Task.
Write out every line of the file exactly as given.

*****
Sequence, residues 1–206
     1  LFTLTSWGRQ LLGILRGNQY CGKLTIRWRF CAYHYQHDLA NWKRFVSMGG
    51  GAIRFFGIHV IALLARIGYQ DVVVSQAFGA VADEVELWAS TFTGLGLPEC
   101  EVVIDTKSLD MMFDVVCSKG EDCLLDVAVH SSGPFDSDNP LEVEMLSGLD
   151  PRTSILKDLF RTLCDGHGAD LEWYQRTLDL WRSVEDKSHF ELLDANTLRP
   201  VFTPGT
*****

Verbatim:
Sequence, residues 1–206
     1  LFTLTSWGRQ LLGILRGNQY CGKLTIRWRF CAYHYQHDLA NWKRFVSMGG
    51  GAIRFFGIHV IALLARIGYQ DVVVSQAFGA VADEVELWAS TFTGLGLPEC
   101  EVVIDTKSLD MMFDVVCSKG EDCLLDVAVH SSGPFDSDNP LEVEMLSGLD
   151  PRTSILKDLF RTLCDGHGAD LEWYQRTLDL WRSVEDKSHF ELLDANTLRP
   201  VFTPGT